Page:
Making the Transition from Physician Owner to Employee
Feb 25, 2014 |
For years physician employment has become more common than private practice, and a new survey reveals physicians may not be making the move out of any desire to become an employee.
In a survey of 536 physicians, The Medicus Firm and M3 Global Research, which operates MDLinx, found many physicians see employment as necessary. The most frequently selected reason for pursuing an employed opportunity was necessity (“it is the only financial viable option”).
"As doctors lose more and more control over their professional lives, they may start to feel increasingly stressed and frustrated,” Jim Stone, president of The Medicus Firm, said in a statement. “Gradually, physicians' autonomy continues to erode."
Stone added that if physicians are reluctantly choosing employed positions because they see no other option, then there could be an increase in the levels of stress and burnout since practicing as an employee may be more difficult than physicians expect.
Matt Baker, vice president of Physician Recruitment Advertising MDLinx.com Career Center, noted that work and personal life balance is being increasingly emphasized in job postings.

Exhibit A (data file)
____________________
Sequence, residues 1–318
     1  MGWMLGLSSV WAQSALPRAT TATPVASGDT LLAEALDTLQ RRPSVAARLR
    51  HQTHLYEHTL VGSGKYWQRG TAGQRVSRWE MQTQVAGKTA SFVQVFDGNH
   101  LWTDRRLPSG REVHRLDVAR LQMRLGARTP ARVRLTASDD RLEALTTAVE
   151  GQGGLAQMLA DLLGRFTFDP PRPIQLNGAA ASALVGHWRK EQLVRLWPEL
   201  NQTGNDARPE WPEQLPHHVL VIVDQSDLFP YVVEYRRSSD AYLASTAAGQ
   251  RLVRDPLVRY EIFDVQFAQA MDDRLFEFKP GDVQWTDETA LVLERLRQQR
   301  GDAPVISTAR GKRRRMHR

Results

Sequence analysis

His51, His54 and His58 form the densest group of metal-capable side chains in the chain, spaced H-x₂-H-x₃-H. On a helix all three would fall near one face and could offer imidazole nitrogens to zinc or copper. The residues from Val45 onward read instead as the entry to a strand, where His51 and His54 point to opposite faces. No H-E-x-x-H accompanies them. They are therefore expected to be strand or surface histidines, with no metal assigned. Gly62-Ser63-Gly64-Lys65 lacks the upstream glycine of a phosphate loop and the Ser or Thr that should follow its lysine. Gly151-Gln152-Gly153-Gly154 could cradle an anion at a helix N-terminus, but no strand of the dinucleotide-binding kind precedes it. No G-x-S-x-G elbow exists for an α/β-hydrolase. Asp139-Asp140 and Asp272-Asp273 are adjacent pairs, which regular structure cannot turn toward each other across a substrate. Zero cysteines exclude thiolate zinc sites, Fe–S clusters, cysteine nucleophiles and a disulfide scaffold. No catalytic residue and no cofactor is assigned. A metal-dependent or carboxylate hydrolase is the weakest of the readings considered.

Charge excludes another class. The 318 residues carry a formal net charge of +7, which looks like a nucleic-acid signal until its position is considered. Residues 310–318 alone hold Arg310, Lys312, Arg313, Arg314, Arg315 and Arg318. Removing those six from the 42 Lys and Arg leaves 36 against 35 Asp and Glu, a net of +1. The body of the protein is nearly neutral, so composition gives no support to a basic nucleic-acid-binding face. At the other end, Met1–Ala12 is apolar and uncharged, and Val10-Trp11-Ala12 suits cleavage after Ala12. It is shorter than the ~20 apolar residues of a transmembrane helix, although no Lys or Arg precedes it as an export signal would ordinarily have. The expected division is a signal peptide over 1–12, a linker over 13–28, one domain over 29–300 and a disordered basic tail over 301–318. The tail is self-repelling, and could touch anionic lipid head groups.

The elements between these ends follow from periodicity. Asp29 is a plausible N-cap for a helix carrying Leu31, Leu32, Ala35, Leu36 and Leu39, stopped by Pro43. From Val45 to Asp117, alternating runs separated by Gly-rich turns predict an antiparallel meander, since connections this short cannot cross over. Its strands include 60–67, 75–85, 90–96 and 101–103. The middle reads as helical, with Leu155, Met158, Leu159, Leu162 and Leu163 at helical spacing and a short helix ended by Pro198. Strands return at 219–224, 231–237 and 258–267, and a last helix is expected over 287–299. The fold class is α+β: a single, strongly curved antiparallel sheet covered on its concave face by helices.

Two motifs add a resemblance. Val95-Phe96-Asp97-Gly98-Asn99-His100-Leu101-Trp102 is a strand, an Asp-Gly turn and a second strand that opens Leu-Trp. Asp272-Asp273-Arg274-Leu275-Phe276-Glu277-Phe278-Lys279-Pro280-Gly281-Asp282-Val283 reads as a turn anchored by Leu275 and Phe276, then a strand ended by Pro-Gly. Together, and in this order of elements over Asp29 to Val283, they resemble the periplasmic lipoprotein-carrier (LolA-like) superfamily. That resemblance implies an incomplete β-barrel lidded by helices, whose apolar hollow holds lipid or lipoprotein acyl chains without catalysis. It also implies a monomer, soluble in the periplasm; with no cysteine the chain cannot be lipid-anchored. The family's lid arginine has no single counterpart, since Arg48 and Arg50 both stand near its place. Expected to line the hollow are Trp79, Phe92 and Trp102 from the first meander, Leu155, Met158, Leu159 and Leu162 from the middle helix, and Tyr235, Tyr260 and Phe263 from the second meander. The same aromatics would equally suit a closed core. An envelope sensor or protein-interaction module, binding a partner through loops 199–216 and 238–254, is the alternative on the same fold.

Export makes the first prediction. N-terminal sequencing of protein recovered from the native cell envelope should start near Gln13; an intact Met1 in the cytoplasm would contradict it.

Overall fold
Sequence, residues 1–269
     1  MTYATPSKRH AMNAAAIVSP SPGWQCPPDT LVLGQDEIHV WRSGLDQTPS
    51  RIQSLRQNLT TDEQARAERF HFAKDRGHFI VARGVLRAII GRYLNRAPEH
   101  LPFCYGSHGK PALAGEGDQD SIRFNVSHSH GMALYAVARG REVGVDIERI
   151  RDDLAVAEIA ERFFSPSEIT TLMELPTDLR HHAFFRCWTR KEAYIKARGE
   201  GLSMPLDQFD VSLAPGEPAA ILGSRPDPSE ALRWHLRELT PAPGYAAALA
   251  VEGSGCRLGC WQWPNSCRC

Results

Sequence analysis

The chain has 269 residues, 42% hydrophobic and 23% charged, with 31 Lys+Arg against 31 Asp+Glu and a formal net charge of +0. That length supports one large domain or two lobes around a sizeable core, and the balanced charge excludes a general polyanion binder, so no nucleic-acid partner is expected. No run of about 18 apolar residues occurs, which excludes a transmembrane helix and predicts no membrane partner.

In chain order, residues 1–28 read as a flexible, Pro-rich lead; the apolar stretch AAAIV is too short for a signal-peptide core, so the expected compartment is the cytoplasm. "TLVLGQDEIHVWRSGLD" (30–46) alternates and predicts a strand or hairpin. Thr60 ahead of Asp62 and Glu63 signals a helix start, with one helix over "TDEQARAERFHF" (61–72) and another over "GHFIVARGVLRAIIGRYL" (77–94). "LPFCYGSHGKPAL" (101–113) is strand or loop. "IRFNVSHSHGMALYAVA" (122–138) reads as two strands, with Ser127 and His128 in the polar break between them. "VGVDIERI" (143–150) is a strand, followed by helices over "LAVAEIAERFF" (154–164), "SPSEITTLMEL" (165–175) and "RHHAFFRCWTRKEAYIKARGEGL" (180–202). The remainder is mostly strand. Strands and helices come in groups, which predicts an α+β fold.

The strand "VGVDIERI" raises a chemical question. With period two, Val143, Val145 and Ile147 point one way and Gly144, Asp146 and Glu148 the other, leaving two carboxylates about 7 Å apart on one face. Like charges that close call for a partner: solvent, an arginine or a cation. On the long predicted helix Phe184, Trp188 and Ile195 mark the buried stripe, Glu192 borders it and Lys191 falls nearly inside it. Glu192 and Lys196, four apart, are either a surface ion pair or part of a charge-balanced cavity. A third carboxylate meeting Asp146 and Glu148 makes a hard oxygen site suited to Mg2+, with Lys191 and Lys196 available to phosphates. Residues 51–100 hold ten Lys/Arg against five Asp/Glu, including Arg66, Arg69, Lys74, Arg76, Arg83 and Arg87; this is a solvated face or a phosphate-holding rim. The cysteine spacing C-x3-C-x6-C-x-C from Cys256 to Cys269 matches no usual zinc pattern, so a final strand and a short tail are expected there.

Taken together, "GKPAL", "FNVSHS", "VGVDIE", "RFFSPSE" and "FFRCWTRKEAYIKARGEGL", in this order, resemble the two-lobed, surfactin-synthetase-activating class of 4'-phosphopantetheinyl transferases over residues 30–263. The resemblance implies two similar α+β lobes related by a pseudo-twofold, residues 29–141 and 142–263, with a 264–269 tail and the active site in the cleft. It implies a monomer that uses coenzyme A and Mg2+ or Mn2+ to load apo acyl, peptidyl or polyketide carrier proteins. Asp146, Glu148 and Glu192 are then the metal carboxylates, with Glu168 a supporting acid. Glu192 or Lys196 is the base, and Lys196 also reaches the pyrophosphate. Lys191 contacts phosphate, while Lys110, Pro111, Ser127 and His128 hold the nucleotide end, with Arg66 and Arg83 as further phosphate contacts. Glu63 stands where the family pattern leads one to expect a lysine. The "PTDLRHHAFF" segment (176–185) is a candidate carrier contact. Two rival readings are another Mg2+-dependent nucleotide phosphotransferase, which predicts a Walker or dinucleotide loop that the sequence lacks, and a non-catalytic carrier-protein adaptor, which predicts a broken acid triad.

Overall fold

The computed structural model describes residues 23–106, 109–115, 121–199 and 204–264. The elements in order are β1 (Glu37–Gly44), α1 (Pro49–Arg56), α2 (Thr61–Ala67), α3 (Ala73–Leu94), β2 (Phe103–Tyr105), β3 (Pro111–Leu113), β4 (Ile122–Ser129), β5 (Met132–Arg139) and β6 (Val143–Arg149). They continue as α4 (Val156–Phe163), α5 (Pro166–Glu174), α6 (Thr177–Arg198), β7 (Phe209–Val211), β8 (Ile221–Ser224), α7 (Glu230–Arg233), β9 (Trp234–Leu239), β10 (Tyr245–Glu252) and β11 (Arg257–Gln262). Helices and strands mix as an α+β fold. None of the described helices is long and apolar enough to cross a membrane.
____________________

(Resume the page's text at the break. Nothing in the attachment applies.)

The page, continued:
"Our experience tells us that this trend is in response to heavy workloads, financial pressure from decreasing insurance reimbursements and rising costs of practice ownership," Baker said in a statement.
Newly employed physicians who migrated from private practice are often apprehensive about now practicing as employees, according to Stone. As such, it’s up to healthcare executives and administrators to offer support and guidance throughout the first year of employment.
"Healthcare management should be sensitive to the fact that, for some physicians, this may be the first time he or she has worked as an employee in many years, if ever,” Stone said in a statement. “Regardless of one's occupation, the transition from owner to employee can be stressful. However, for physicians, who already cope with many stressful industry changes, the transition to employment could be particularly overwhelming."
Highly competitive compensation, flexible schedules and support staff are the top three factors that would keep doctors happy as employees, according to the survey’s respondents. Other important factors are being offered leadership and growth opportunities and decision-making input.
"Anything employers can do to make physicians feel a part of the 'big picture' could help physicians maintain some degree of the autonomy and control that they had when they were practice owners," Stone said.